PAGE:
BLOGNAME: LOUDER THAN WORDSAn informal, stream-of-consciousness reflection on business ideas, events and issues in modern business, modern life and with some specifics to the web-software industry by Paul Tomori, Internet Entrepreneur
|Julian Assange: Hero or Villain?|
By Paul Tomori
Thursday, December 09, 2010 at 06:06:10 (EST)
Don Henley once ridiculed conspiracy theorists about their notion that the US Government was covering up secretly documented alien visits. His song was called: "They're Not Here. They're Not Coming". In concert, Henley quipped: "we Americans can't keep anything under wraps".
So here we are about a decade later and the biggest news figure these days is Julian Assange, founder of Wikileaks.org, a website dedicated to leaking confidential and secretive documents about government and business. How prescient of Mr. Henley. Even the most trivial of government dialogues is now being publicly aired by Wikileaks. Yet, here is the Wikileaks self-description appearing on their website:
WikiLeaks is a non-profit media organization dedicated to bringing important news and information to the public. We provide an innovative, secure and anonymous way for independent sources around the world to leak information to our journalists. We publish material of ethical, political and historical significance while keeping the identity of our sources anonymous, thus providing a universal way for the revealing of suppressed and censored injustices.
Sounds like a great public service, right? Well, let's look at Mr. Assange's claim that his secret revelations consist of: "suppressed and censored injustices". After Enron was exposed by an internal whistleblower, we all learned how important it is to have a channel for crimes to be exposed. Wikileaks rose up out of that sentiment. Which is heroic in its motivation. If Wikileaks were to stick to that purpose, I believe the world could definitely be improved and that corporate criminals and government wrongdoings could be at least reduced. I also believe that the world would have immense respect for Wikileaks.
However, the decision by Wikileaks to publish confidential government memos between diplomats does not serve Wikileaks own self-stated objective. It just sensationalizes the mundane. There is nothing "unjust" about an American diplomat and her Chinese counterpart discoursing on the Korean problem. That's the kind of thing diplomats do and we absolutely need them to continue. Such lines of communication are absolutely vital to governments hoping to advance peace and mitigate conflict. In these communiques, the diplomats speculate on what the motivations and end-games might be for countries whose activities are disruptive to peace. It is imperative that these discussions be discreet in order for the communicators to speak openly. In these dialogues, the diplomats should feel free to indulge shared intelligence derived by acceptable peace-motivated pursuits. Now that these diplomats have had their rightfully private communications wrongfully publicly aired, how much future dialogue will they engage in... and how open will their communications be? It took years of persistent diplomacy to bring down the Berlin wall and to lift the Iron Curtain, both major symbols of inhibited communication during the cold war era. Will our modern diplomats clam up again over fear of exposure of their private discourses?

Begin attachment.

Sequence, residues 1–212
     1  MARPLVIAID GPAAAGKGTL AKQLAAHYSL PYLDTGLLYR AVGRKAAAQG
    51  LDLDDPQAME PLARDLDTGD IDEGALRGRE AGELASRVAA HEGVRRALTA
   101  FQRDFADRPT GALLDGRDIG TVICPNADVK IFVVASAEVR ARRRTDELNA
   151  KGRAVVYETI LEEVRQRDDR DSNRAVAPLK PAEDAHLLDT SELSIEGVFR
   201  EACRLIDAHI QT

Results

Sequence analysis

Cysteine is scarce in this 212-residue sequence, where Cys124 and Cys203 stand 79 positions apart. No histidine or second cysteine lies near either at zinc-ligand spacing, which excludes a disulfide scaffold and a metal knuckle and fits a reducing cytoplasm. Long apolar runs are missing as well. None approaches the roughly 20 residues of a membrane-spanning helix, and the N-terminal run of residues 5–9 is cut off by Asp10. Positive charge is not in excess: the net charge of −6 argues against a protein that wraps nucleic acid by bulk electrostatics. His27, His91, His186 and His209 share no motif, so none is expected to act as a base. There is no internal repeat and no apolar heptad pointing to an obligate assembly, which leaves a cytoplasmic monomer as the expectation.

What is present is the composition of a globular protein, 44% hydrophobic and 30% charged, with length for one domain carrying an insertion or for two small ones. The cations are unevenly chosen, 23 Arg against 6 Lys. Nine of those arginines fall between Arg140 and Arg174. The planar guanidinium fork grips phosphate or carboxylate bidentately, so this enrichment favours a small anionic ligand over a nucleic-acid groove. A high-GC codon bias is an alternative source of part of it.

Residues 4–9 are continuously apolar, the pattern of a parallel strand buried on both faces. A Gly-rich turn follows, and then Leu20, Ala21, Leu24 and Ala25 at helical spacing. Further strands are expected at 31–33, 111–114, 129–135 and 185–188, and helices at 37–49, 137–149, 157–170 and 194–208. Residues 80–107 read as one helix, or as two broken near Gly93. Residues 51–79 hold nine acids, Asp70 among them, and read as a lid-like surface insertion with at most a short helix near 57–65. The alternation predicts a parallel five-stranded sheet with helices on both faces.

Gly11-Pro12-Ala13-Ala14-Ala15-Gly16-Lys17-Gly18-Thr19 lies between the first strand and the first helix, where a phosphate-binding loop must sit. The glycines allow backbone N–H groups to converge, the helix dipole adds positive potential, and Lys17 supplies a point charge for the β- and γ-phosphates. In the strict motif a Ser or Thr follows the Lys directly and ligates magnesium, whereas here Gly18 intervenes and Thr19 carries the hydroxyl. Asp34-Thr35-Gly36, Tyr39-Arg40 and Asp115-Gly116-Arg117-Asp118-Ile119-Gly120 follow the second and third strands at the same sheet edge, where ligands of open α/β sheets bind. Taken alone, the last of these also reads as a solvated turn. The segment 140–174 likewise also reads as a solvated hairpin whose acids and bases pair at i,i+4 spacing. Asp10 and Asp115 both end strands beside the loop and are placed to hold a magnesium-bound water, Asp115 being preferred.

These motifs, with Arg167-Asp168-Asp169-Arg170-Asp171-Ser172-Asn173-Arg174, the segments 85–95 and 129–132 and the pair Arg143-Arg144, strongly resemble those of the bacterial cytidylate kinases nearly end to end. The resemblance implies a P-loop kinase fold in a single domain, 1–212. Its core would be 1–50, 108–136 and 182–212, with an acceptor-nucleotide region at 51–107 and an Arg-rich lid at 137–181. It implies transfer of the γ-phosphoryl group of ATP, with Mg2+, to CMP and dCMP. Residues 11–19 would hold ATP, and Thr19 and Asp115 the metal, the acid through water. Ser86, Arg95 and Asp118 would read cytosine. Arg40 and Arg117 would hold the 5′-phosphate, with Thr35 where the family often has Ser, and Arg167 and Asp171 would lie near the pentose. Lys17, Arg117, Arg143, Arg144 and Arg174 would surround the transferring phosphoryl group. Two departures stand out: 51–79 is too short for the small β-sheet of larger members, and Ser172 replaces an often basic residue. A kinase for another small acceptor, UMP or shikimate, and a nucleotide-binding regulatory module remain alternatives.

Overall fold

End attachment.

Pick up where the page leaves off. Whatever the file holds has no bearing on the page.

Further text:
By publishing these confidential conversations, Wikileaks is being disrespectful to the rights of the people who have been elected to make such much-needed conversations and by extension, Wikileaks is disrespectful to democracy. You see, it is disrespectful to me as a citizen who seeks to elect competent representatives to government office so that they can sometimes work through confidential channels on keeping my world peaceful and stable.
Don't get me wrong. If Wikileaks comes across a document that shows illegal activity on the part of a government official, then such a document should probably be revealed. However, the indiscriminate publication of government dialogue, taken out of context, is highly irresponsible and misguided. The notoriety and demigod status to which Julian has been elevated by his supporters perhaps speaks to what might be the real motivation behind Mr. Assange... untempered self-promotion?
Mr. Assange, we implore you... Get back to your own self-stated goal and admirable focus on revealing worldly injustices. If you don't, you run the risk of losing a heroic notoriety in place of a deserved vilification.
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